A beautifully written tale of adventure, courage, magic and destiny
40% Magic, 25% Heroism, 25% Friendship, 10% Family
ABOUT THE BOOK
Eleven-year-old Ophelia might not be brave, but she certainly is curious. Her family are still reeling from her mother's death, and in a bid to cheer everyone up, her father has taken a job at a fantastically enormous and gothic museum in a city where it never stops snowing. Ophelia can't wait to explore - and she quickly discovers an impossibility. In a forgotten room, down a very dark corridor, she finds a boy, who says he's been imprisoned for three-hundred-and-three-years by an evil Snow Queen who has a clock that is ticking down towards the end of the world.
A sensible girl like Ophelia doesn't quite believe him, of course, but there's no denying he needs her help. There are many other, darker, impossibilities in this museum too. Ghosts, wolves, Misery Birds, magical swords - and even fabled Snow Queens - will all do their very best to stop Ophelia and hurt her family. She will have to garner all her courage, strength and cleverness if she is to rescue this most Marvellous Boy - and maybe even save the world in the process.
ABOUT THE AUTHOR
Karen Foxlee was born in Mount Isa, Queensland, in 1971. After training and working as a nurse for most of her adult life, she graduated from the University of the Sunshine Coast with a Bachelor of Arts degree in 2005, in creative writing. Her first novel, THE ANATOMY OF WINGS, was originally published in 2008, by the University of Queensland Press, and has since been published in the U.S.A., the United Kingdom and Canada. She lives in Gympie, Australia.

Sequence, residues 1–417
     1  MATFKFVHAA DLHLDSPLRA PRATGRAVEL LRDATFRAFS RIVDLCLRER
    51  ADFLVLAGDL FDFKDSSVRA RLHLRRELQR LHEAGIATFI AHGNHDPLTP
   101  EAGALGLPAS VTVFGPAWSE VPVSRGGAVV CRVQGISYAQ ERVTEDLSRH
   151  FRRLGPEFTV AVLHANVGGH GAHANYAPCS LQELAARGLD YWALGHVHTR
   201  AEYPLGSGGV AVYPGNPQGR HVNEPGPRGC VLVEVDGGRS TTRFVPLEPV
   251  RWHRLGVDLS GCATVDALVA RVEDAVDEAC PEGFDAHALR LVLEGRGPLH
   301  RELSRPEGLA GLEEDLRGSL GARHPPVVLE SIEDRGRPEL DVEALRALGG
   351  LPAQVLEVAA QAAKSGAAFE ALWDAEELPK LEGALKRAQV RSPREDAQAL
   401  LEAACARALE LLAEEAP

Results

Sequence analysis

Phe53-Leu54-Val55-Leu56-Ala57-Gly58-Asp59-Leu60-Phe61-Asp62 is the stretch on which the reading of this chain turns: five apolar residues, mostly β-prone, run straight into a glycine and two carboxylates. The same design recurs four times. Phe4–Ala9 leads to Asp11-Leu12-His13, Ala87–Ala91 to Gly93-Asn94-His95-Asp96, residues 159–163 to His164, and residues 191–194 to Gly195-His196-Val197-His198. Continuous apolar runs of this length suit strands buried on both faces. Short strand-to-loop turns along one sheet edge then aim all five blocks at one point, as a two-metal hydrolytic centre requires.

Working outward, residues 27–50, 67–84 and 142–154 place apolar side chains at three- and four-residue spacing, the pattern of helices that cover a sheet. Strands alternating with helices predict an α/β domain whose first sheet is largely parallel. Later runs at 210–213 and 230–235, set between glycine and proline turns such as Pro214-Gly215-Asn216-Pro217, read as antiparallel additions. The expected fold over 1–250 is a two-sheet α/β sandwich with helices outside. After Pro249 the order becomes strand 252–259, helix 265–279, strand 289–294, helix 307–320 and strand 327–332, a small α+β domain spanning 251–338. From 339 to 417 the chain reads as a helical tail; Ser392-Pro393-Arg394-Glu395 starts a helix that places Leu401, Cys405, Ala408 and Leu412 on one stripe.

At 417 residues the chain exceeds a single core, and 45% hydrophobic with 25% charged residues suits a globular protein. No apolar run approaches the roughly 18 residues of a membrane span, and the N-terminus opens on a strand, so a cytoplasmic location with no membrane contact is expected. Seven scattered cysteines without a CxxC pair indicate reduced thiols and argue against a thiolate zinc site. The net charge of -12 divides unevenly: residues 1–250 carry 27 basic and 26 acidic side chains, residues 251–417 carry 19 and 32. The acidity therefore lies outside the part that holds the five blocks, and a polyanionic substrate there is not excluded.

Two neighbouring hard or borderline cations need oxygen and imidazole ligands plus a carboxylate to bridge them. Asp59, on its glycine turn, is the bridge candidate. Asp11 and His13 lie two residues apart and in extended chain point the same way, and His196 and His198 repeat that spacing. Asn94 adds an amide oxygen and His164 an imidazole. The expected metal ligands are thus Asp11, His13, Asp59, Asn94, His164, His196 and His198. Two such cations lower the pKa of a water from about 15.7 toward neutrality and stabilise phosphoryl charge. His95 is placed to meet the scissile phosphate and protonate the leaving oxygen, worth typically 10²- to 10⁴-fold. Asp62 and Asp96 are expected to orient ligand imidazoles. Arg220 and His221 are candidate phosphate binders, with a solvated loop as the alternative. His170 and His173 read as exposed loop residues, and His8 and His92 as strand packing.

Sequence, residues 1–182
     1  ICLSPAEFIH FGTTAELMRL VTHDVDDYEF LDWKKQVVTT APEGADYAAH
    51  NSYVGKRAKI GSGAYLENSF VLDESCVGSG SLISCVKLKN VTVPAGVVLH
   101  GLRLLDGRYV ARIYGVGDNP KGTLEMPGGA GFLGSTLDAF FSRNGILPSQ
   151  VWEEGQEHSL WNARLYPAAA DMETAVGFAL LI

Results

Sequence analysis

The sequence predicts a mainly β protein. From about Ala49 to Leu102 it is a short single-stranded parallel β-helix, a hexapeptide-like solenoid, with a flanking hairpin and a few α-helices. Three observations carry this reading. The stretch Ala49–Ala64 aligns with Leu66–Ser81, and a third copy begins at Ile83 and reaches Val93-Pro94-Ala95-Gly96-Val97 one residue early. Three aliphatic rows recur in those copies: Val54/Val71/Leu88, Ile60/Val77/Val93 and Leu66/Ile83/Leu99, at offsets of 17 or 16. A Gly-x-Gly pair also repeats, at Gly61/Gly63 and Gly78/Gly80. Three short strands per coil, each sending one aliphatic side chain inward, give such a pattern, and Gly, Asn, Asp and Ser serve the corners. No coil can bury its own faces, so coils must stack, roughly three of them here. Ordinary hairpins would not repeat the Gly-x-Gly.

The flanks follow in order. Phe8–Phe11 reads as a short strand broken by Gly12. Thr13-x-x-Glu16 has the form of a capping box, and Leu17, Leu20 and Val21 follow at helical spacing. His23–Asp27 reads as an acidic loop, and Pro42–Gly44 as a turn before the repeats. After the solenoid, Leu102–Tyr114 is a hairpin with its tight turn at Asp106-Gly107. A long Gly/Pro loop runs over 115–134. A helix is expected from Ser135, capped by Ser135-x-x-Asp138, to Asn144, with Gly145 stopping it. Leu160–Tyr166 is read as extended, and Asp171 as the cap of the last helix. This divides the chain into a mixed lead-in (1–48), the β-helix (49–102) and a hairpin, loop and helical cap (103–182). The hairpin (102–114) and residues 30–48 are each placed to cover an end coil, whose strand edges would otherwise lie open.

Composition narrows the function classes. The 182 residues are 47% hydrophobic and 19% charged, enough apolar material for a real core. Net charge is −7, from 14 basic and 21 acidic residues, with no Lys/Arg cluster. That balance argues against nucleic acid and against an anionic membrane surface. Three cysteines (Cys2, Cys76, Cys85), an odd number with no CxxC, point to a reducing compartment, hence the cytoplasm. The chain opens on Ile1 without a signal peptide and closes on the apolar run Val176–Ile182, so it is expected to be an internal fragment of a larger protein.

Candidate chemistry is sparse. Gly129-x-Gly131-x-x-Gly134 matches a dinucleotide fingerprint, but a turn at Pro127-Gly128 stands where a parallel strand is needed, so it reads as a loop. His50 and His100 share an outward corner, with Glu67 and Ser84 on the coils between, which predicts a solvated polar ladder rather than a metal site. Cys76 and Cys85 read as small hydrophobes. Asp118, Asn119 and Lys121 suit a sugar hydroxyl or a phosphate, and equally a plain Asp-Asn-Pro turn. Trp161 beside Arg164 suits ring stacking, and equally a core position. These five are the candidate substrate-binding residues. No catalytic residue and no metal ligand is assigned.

In this appropriately frosty take on The Snow Queen, Foxlee (The Midnight Dress) introduces 11-year-old Ophelia Jane Worthington-Whittard, who's asthmatic, pragmatic, curious, and braver than she realizes. Ophelia's family, shattered after her mother's death, is visiting an unnamed snowy city so her father can curate an exhibition of swords. Exploring the strange, icy, and nearly empty museum, Ophelia discovers the long-imprisoned Marvelous Boy, who recruits her to help him save the world from the Snow Queen; she also turns up a cluster of deadly "misery birds" and a roomful of the ghosts of numerous girls. Foxlee's writing is elegant and accessible, with a pervading melancholy; this is as much a story of loss as it is an adventure. Certain elements, such as the identity of the Snow Queen, aren't really surprises, but it's in Foxlee's evocation of the museum's unsettling dangers, as well as Ophelia's eventual willingness to reconcile what she knows in her mind with what she feels in her heart, that this story shines. Ages 8 12.